Doing Multivariate Analysis (DMA-3) (4 of 4) Not bookable 16:00 - 18:00 University Information Services, Titan Teaching Room 1, New Museums Site

This module will introduce you to the theory and practice of multivariate analysis, covering Ordinary Least Squares (OLS) and logistic regressions. You will learn how to read published results critically, to do simple multivariate modelling yourself, and to interpret and write about your results intelligently.

Half of the module is based in the lecture theatre, and covers the theory behind multivariate regression; the other half is lab-based, in which students will work through practical exercises using statistical software.

To get the most out of the course, you should also expect to spend some time between sessions having fun by building your own statistical models.

Tuesday 16 January 2018

14:00
Introduction to R (Lent) (1 of 2) [Full] 14:00 - 18:00 University Information Services, Titan Teaching Room 1, New Museums Site

This module introduces the use of R, a free programming language originally developed for statistical data analysis. In this course, we will use R through R Studio, a user-friendly interface.

Students will learn:

  • Ways of reading spreadsheet data into R
  • The notion of data type
  • How to manipulate data in major data types
  • How to draw basic graphs and figures with ggplot2
  • How to summarise data using descriptive statistics
  • How to perform basic inferential statistics (e.g. the t-test).

This module is suitable for students who have no prior experience in programming, but participants will be assumed to have a good working knowledge of basic statistical techniques using another software package (for example Stata or SPSS).

Experimental Methods (1 of 2) [Full] 14:00 - 16:00 Faculty of Music, CMS Computer Room

This course will constitute a practical introduction to experimental method and design suitable for students from any discipline who have had limited experience of empirical methods but who wish to be able to read and understand the experimental literature or to undertake their own experimental studies. The course includes:

  • A theoretical introduction to the concepts and practices involved in experimental research in the human sciences, including ethical considerations;
  • An introduction to experimental design and to appropriate analytic techniques;
  • A practical component that can be undertaken away from the laboratory; and
  • An introduction to issues involved in writing up results.

At the end of the module, students will be equipped with the fundamental knowledge required to design and evaluate an experiment.

Wednesday 17 January 2018

09:00
Foundations in Applied Statistics (FiAS Intensive) (1 of 2) Not bookable 09:00 - 13:00 8 Mill Lane, Lecture Room 5

This is an introductory course for students who have little or no prior training in statistics. The module is divided between lectures, in which you'll learn the relevant theory, and hands-on practical sessions, in which you will learn how to analyze real data using the statistical package Stata. You will learn:

  • The key features of quantitative analysis, and how it differs from other types of empirical analysis
  • Basic concepts: what is a variable? what is the distribution of a variable? and how can we best represent a distribution graphically?
  • Features of statistical distributions: measures of central tendency and dispersion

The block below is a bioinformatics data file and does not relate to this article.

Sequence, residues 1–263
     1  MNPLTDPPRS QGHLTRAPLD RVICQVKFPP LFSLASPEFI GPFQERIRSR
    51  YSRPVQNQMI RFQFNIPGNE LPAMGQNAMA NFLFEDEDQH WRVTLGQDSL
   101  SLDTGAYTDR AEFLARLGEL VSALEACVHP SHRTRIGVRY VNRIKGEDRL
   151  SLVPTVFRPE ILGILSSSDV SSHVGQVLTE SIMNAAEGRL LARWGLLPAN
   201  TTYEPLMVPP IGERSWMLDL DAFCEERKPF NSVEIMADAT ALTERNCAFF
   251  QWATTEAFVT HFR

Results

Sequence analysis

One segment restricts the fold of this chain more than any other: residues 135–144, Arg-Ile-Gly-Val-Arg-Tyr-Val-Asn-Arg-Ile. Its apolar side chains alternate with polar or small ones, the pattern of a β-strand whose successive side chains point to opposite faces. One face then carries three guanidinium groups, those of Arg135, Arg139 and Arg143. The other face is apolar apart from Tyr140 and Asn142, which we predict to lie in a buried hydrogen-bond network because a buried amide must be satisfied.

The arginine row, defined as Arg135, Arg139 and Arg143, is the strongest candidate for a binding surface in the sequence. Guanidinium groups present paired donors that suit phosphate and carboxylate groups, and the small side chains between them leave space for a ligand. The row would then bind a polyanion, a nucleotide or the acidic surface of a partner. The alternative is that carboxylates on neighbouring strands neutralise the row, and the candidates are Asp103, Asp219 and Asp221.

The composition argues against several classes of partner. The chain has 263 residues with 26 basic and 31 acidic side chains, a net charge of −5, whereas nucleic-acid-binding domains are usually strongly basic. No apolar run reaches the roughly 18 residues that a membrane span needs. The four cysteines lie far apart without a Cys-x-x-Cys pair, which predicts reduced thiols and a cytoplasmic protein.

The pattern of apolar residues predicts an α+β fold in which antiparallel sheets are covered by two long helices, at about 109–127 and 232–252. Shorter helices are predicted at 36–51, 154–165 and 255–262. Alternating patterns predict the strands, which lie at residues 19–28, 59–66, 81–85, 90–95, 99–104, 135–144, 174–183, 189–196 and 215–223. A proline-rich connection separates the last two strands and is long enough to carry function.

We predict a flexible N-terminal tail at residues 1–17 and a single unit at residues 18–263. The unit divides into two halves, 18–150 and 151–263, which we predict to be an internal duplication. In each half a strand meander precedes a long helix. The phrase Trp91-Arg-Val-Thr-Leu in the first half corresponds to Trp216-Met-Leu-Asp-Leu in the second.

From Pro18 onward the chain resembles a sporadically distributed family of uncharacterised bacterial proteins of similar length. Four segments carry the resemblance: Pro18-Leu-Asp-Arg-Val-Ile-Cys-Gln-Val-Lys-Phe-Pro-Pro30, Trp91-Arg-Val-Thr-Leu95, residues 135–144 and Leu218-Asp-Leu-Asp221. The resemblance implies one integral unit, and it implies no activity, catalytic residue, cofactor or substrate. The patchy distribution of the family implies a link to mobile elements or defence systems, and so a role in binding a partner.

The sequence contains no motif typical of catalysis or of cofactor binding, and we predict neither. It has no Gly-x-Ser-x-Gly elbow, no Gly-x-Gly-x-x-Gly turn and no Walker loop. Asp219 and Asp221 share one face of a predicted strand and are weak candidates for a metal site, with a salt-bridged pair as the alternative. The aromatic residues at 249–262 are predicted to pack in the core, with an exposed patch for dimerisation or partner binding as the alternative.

• The normal distribution
  • The basics of formal hypothesis testing
  • Why statistical testing works
  • Statistical methods used to test simple hypotheses
  • How to use Stata
14:00
Foundations in Applied Statistics (FiAS Intensive) (2 of 2) Not bookable 14:00 - 18:00 University Information Services, Titan Teaching Room 1, New Museums Site

This is an introductory course for students who have little or no prior training in statistics. The module is divided between lectures, in which you'll learn the relevant theory, and hands-on practical sessions, in which you will learn how to analyze real data using the statistical package Stata. You will learn:

  • The key features of quantitative analysis, and how it differs from other types of empirical analysis
  • Basic concepts: what is a variable? what is the distribution of a variable? and how can we best represent a distribution graphically?
  • Features of statistical distributions: measures of central tendency and dispersion
  • The normal distribution
  • The basics of formal hypothesis testing
  • Why statistical testing works
  • Statistical methods used to test simple hypotheses
  • How to use Stata
Experimental Methods (2 of 2) [Full] 14:00 - 16:00 Faculty of Music, CMS Computer Room

This course will constitute a practical introduction to experimental method and design suitable for students from any discipline who have had limited experience of empirical methods but who wish to be able to read and understand the experimental literature or to undertake their own experimental studies. The course includes:

  • A theoretical introduction to the concepts and practices involved in experimental research in the human sciences, including ethical considerations;
  • An introduction to experimental design and to appropriate analytic techniques;
  • A practical component that can be undertaken away from the laboratory; and
  • An introduction to issues involved in writing up results.

At the end of the module, students will be equipped with the fundamental knowledge required to design and evaluate an experiment.

Monday 22 January 2018

09:00
Basic Quantitative Analysis (BQA Intensive) (1 of 2) Not bookable 09:00 - 13:00 8 Mill Lane, Lecture Room 5

This module follows on from Foundations in Applied statistics, and will teach you the basics of common bivariate techniques (that is, techniques that examine the associations between two variables). The module is divided between lectures, in which you'll learn the relevant theory, and hands-on practical sessions, in which you will learn how to apply these techniques to the analysis of real data.